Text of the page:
“What about curtains?”

“Oh, yeah, they were annoying. A lot of them were also remote, but some of the residents had clipped theirs shut, so there were a lot of dead pixels. The main problem was actually the size of the windows; Doom was designed for tall pixels and I didn’t correct for that, so on the side of the buildings it was stretched – ”

“What,” I finally ask, “is Doom?”

“It’s an artefact of pre-Neocambrian computer mysticism,” Sam explains. “Pre-Neocambrians believed that something wasn’t truly a ‘computer’ until somebody had played Doom on it.”

“It’s honestly really lucky,” Tal says, “because we’ve lost so much preneek stuff but because Doom is everywhere, we have such great records of it. It can tell us a lot about preneek culture.”

“Like how gloomy it is?” Tinera asks. “who calls their computer consecration ritual ‘Doom’?”

“The late Pre-Neocambrians were fairly forward-minded,” Sam explains. “In… some ways. I mean, the global catastrophe somehow managed to catch them by surprise, but everything about their media suggests that they either feared or celebrated the possibility of computers gaining full awareness and integrating with, or taking over, their society. Folklorists and historians think that by consecrating their computer systems with such a darkly named ritual, they were reminding themselves of the possible dangers they thought computers would one day become.”

“The contents of the program are also really violent,” Tal says. “It’s a little game where you have to shoot a whole bunch of monsters.”

“Presumably symbolising the struggle and humanity’s hoped-for victory should conflict with the machines occur,” Sam agrees, nodding. “It’s a fascinating little ritual.”

Captain Sands clears his throat. “Fascinating. But perhaps we should move on?”

Sunset of Sirius flashes us all a dazzling smile. Despite her current exhaustion, she seems to have weathered chronostasis well – she’s positively chubby under her dark, clear skin, and seems perfectly coordinated. “I’m Sunset,” she says, “and yes, it’s my real name. I’m a fuel technician by trade, but I suppose now I’m going to be an aeronautics engineer. And I once played Doom in Club Senneca.”

“You’ve been to Club Senneca?” Tal asks.

“I won a fashion show in Club Senneca.”

I resolve not to ask what Club Senneca is. Derailing things again won’t –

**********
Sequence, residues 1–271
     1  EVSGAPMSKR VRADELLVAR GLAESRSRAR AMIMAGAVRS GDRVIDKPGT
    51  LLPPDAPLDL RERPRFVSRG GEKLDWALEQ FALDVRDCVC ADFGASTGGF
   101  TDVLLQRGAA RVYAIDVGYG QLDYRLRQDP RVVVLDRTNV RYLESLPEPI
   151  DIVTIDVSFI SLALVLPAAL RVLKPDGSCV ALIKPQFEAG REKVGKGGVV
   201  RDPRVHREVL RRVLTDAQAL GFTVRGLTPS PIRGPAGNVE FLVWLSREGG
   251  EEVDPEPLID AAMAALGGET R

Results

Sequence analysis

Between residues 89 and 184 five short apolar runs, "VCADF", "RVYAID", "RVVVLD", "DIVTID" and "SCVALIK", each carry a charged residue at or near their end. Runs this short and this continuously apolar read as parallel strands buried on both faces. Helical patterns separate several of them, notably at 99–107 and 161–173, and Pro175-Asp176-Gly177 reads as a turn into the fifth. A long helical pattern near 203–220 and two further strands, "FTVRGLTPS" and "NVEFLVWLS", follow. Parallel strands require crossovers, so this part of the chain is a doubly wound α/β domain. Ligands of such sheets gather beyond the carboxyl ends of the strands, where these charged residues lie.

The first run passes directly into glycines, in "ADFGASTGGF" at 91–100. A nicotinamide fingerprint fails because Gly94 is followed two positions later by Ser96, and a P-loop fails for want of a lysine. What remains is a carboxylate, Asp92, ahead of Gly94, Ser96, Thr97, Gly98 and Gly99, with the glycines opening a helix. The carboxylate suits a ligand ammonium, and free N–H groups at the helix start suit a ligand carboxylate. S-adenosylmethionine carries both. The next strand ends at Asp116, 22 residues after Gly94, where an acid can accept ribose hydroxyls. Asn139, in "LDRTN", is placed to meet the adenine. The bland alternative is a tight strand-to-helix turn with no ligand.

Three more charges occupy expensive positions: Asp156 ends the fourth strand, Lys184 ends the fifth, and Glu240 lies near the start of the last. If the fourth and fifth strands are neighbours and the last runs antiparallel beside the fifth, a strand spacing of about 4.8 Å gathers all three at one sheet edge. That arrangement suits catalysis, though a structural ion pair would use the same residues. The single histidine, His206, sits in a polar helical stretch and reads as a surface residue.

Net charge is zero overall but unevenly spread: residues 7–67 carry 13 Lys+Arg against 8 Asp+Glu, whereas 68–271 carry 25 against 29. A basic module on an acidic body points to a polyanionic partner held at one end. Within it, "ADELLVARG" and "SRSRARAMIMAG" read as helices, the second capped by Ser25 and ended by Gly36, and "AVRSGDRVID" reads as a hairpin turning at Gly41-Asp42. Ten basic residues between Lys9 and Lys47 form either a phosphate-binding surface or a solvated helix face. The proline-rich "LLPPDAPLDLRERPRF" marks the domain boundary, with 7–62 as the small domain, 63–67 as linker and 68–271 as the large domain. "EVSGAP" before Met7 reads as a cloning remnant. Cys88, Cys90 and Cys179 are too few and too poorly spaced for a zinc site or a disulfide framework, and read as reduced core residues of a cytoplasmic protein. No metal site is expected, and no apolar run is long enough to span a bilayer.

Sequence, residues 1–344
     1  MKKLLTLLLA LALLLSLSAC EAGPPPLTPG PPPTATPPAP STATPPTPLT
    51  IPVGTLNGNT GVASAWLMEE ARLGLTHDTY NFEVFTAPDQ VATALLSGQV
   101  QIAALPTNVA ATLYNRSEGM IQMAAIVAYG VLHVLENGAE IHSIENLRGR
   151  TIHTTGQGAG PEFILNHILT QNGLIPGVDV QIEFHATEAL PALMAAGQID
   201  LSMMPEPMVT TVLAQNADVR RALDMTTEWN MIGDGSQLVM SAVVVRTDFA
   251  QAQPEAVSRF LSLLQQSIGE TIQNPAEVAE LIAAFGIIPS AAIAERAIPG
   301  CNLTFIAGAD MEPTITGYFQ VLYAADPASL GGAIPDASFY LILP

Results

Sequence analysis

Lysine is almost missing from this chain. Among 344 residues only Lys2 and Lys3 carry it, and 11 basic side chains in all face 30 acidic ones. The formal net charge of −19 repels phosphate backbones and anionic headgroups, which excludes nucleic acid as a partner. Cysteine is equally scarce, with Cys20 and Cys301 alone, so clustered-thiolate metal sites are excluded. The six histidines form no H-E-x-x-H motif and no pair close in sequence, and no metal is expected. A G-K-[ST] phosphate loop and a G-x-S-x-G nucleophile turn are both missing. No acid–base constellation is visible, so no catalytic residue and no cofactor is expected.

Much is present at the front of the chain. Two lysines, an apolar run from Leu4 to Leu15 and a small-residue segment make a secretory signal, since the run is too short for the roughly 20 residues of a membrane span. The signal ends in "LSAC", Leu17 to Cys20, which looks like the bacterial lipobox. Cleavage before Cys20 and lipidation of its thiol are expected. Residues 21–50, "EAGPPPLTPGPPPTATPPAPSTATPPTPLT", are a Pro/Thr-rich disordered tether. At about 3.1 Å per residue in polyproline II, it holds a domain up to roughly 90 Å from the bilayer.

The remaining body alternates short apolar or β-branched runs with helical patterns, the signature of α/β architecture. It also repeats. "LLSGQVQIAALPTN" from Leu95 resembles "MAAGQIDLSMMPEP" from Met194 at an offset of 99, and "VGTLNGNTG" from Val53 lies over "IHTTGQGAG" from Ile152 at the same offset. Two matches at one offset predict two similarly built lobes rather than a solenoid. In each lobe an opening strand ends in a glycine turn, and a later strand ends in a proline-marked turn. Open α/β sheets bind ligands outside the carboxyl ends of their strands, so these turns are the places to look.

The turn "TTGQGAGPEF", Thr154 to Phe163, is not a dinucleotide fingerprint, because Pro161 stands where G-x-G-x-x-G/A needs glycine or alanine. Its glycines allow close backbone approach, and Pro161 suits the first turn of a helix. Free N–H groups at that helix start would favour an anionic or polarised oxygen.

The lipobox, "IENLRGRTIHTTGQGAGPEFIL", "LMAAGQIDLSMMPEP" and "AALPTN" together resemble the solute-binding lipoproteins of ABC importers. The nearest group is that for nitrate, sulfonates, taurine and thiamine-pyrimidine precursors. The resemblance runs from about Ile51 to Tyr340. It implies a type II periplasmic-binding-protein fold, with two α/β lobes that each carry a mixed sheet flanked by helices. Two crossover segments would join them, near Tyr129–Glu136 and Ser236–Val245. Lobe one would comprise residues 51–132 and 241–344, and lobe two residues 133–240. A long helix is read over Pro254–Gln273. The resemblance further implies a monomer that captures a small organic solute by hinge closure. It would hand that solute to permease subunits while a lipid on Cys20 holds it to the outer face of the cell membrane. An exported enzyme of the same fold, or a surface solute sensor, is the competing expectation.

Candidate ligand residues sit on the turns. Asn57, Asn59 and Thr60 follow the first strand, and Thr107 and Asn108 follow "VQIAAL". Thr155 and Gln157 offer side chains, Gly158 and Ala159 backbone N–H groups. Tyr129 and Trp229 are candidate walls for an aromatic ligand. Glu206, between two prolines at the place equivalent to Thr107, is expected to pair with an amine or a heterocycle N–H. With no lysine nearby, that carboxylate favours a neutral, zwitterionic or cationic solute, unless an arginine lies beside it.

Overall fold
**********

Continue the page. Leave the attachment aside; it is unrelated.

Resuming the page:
“What’s Club Senneca?” Lina asks.

“Is cyberlite club in Athelicia,” Denish says wearily. “Very big and famous. My sister used to try to make their drinks at home. Very pretty, but taste awful.”

“The real thing tastes awful too, if that helps,” Sunset says.

“They’re a zeelite club,” Tal simmers. “Not a cyberlite club. Right, Sunset?”

Sunset shrugs. “Cyberlite, zeelite… you see both types there. They’re all good.”

For a ship setting out to build the future, I can’t help reflecting, there sure are a lot of people on it obsessed with the distant past. Maybe I should’ve paid more attention to pre-Neocambrian societies in my own career, outside of studying the Exodus Phenomenon. Being the team sociologist and being the least informed about this stuff is getting embarrassing.

Or maybe it’s just a matter of specialisation. They can talk about their nightclubs and fashion and old computer blessing rituals all they want – when the topic turns to pre-Neocambrian horror media, I’ll be the knowledgable one.

And that’s… that’s definitely a good thing. Yep.

“Doctor Tate?” Sands prompts, clearly eager to keep the introductions moving.

“Uh, hi.” Celi sits up in kes wheelchair. “I’m Celi. I’m a general practitioner in medicine. And, um… I play the xamide.”

“The xamide?” Tinera leans forward excitedly. “I’m a drummer! Two-beat Lunari style.”

“Oh, you can two-beat? You know, if we had a guitarist…” Celi looks around the crew.

“I… know how to play a guitar,” Renn admits, sounding reluctant about it. “I am not good at it.”

“Ship band!” Tal says excitedly.

“Alright, alright.” Captain Sands rubs his temples. “Let’s move this along. Friend?”

The new Friend, looking slightly annoyed at suddenly being the centre of attention, nods sharply. “This Friend… enjoys sewing.” Everyone waits for a little while to see if more information is forthcoming, but apparently that’s it.

“… Alright then. My name is Renn. I’m a developmental behaviourist by trade, with a background in neurobiology and in psychology. I’ll be serving as your psychologist.”

“Neurobiology?” The Friend – our old Friend, the doctor Friend (this is going to get confusing), suddenly perks up. Lina’s paying attention to him, too, and it’s not until I find myself idly rubbing the skin over my own cranial port that I realise what’s got them so interested – who better than a neurobiologist, to weigh in on the issue of the ten per cent survival group? Maybe he can figure out how, specifically, the synnerve overgrowth and AI takeover works. We even have patient on life support in the medbay right now…

“And what’s your fun fact?” Tinera asks.

“Ah. Well. Hmm. I am… exceptionally good at chess?”